Iran, it seems, wants to ensure that nothing spoils the mood of its upcoming talks with Western powers; and the slight easing of tension in its relations with the U.S. In an obvious effort to curb anti-American sentiments, Iranian officials pulled down a bunch of new anti-American billboards that had come in the country's capital city Tehran. The reason it said was that the poster were pulled down because they were put up without the permission of the city's municipal authorities.
One of the posters in question, according to The Atlanticwire shows an American official, wearing symbols of all that is considered evil about American culture, from the waist down, like military fatigues or an attack dog. The American official is seen sitting opposite an unnamed Iranian official who bear resemblance to Iran's moderate foreign minister Mohammad Javad Zarif:
The latest set of controversial posters were been put up by the Owj Cultural Organisation, which said it had the required permissions. The posters were put up to commemorate the violent takeover of the U.S. Embassy in Tehran on November 4, 1979 by a revolutionary group called Muslim Student Followers of the Imam's Line.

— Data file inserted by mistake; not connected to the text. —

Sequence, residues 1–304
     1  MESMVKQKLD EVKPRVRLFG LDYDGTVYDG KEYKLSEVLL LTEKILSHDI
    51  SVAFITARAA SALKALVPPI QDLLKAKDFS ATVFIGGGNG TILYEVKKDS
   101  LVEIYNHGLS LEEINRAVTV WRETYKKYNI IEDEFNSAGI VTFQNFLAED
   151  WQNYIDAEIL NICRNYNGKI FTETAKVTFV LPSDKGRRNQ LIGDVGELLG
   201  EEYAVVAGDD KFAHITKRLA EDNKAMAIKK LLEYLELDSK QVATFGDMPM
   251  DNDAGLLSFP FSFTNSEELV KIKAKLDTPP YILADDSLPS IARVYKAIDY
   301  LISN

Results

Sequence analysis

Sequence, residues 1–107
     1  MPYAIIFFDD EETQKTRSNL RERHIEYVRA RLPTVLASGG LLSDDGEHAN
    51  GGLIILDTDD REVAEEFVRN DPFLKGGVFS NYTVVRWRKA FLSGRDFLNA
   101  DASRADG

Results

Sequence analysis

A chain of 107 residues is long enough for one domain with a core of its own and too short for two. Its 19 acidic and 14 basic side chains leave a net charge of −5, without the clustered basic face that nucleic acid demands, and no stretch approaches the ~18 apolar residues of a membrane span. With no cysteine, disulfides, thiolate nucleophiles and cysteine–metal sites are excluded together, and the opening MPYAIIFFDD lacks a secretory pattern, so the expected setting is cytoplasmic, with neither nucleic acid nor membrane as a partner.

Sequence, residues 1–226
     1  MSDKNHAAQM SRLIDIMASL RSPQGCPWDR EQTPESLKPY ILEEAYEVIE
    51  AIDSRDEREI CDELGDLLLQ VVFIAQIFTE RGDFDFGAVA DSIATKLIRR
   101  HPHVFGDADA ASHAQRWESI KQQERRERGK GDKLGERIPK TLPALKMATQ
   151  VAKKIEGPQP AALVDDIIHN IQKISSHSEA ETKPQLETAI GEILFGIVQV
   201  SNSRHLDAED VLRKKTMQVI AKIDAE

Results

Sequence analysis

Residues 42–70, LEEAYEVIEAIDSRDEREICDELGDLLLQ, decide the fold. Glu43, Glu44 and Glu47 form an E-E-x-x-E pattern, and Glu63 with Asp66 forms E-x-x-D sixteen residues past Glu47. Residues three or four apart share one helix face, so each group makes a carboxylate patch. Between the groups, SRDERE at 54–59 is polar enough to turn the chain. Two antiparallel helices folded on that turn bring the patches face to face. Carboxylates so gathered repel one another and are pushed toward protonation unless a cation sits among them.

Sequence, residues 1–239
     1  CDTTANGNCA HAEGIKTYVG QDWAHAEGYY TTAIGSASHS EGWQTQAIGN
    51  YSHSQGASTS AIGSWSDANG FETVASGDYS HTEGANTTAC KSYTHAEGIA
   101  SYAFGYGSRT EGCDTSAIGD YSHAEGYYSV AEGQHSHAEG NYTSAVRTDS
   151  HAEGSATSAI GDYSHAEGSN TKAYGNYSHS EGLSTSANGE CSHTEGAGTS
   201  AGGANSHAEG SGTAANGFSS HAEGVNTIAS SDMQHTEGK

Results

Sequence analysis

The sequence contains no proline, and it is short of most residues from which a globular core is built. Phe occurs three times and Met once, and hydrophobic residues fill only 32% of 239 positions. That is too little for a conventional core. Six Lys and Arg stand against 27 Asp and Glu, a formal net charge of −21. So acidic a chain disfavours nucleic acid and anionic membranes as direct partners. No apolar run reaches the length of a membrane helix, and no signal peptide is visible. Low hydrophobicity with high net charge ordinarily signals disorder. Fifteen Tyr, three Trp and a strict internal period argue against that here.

The Embassy takeover, led to 52 American diplomats being held hostage for 444 days and is considered to be one of the worst hostage crisis ever. The incident marked the Islamic revolution of Iran and spoiled the country's relations with U.S. and its allies.
Government efforts to pull down to posters, is seen as a way to contain Iran's conservative hardliners who are not too happy with the new moderate stand adopted by Iranian President Hassan Rouhani in his talks with the West regarding the country's nuclear program. Since his return from the UN General Assembly Session in New York, and his historic telephone conversation with U.S. President Obama, in September, President Rouhani has received a mixed response from the Iranian public.
Some hail his effort to reconcile relations with the West whereas others blame him for giving in too much. The Atlantic Wire reported that some of the campaign posters were replaced with more moderate message like the one reading below "in a world that is filled with oppression, we don't oppress, nor do we allow oppression:"
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